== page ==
There’s a baby at the center of it all.
I won't ruin this moment for you. I’ll say only that the “jet-lagged infant daughter” wrecks me every time, in part because she recalls, to my mind, another infant at the center of another Christmas story. I’m not suggesting there’s an intentional (or unintentional) Christ-figure in Minchin’s lyrics; to do so would show blatant disrespect to his philosophy. I know only that the image of adoring adults passing around a baby “like a puppy at a primary school” is about as pure and reverential and awe-inspiring as any church lawn nativity I've ever seen. It lifts my spirit.
And that’s what I love most about my go-to atheist at Christmas, especially in this seemingly godforsaken year. He admits he’s “hardly religious,” but his words somehow reignite my own shaky faith. I suppose it has something to do with his unabashed confidence in the fundamental truth that “wherever we are and whatever we face,” there are people who love us and “make us feel safe in this world.”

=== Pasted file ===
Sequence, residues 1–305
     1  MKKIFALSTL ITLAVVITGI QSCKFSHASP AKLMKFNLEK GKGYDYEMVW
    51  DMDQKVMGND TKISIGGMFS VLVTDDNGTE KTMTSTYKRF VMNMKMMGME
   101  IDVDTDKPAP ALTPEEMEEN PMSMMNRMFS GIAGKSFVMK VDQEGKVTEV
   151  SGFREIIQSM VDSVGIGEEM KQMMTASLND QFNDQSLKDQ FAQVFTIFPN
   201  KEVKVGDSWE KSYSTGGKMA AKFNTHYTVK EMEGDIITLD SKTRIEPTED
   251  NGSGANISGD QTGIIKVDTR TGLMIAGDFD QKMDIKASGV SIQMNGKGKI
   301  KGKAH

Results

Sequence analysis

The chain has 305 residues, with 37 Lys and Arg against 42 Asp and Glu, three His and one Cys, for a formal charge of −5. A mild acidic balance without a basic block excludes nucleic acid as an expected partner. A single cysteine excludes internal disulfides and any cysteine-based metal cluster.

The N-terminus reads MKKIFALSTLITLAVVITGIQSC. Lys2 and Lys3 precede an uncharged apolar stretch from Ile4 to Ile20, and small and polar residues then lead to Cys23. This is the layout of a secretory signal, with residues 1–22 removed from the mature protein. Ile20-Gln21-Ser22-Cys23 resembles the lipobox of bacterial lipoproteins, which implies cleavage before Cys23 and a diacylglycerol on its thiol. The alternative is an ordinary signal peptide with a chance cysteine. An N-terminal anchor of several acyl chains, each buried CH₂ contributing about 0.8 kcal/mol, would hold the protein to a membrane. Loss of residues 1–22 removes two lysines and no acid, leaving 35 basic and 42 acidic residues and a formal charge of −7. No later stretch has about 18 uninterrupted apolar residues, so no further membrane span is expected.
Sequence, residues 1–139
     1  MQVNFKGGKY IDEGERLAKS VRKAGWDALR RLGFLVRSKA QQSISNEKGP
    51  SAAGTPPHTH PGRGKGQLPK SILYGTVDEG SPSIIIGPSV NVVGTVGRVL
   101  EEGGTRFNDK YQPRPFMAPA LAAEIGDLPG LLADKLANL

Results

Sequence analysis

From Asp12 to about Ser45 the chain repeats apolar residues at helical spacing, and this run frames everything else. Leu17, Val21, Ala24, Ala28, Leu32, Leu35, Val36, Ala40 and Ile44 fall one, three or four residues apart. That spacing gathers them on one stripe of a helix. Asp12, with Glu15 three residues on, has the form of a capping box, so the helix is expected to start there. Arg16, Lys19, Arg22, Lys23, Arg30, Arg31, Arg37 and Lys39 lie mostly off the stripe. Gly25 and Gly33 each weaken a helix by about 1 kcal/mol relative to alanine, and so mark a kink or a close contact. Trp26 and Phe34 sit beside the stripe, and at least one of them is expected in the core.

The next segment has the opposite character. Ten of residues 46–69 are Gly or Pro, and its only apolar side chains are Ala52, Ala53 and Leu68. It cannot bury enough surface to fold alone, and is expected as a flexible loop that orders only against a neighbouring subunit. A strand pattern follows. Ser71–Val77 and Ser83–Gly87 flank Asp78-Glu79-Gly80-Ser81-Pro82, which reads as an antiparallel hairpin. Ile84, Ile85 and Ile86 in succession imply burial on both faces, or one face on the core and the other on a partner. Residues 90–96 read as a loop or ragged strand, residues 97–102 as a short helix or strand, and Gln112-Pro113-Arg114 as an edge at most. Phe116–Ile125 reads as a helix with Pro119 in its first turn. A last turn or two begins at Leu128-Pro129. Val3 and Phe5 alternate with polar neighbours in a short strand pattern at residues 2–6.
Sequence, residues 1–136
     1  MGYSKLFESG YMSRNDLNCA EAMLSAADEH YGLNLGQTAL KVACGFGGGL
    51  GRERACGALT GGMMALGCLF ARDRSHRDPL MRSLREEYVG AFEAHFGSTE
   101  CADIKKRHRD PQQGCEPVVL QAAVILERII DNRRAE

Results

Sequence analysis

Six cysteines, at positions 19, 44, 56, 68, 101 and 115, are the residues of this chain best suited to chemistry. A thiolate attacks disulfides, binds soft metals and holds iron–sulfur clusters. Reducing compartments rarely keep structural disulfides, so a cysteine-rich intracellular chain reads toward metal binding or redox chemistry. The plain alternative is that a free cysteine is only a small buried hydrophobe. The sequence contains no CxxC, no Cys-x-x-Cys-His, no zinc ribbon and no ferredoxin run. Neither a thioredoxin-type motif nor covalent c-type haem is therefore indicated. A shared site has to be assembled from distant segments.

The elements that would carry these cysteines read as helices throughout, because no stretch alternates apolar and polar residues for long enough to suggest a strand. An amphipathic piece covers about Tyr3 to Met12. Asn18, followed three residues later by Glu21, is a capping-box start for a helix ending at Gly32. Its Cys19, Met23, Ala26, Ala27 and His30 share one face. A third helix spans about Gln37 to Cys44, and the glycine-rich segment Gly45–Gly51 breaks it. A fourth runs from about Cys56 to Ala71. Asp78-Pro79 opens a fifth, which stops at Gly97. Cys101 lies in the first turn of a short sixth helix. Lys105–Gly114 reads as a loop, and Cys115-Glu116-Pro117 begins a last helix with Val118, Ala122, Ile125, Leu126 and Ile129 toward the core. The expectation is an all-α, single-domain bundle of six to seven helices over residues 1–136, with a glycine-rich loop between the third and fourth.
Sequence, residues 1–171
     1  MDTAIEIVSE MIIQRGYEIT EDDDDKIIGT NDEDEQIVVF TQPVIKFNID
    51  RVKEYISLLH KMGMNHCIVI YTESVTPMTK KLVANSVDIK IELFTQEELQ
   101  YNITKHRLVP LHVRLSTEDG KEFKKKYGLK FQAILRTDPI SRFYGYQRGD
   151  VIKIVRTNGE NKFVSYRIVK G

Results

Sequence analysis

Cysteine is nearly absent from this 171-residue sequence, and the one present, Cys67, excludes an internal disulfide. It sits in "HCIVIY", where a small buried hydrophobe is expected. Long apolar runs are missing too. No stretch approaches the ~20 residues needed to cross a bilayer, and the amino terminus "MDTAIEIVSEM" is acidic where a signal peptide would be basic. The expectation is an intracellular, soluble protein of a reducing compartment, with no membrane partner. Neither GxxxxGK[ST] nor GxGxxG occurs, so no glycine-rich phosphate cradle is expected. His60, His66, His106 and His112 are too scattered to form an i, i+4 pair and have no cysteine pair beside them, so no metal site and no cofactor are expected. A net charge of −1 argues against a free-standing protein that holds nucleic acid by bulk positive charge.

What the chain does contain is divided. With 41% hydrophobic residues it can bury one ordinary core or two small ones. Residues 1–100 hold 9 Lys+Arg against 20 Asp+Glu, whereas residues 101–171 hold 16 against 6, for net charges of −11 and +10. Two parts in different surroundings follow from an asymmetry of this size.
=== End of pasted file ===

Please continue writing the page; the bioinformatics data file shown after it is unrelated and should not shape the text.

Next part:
That's what I want my family and friends to feel most this Christmas, of all Christmases. Well, that and maybe a little grateful that they took a few minutes to listen to Tim Minchin, the atheist, who really likes it.
And with good reason.
Friday, July 31, 2020
So you're a high school senior.
Congratulations. And my condolences.
For many of you, this was supposed to be the summer you were courted by college admissions officers who showed you state-of-the-art classrooms and impeccably staged dorm rooms. You were supposed to get irrationally excited about That One School You Loved At First Sight and you were supposed to visit the bookstore and buy the sweatshirt, ripping the tags off even before you left the building so you could wear it on the ride home.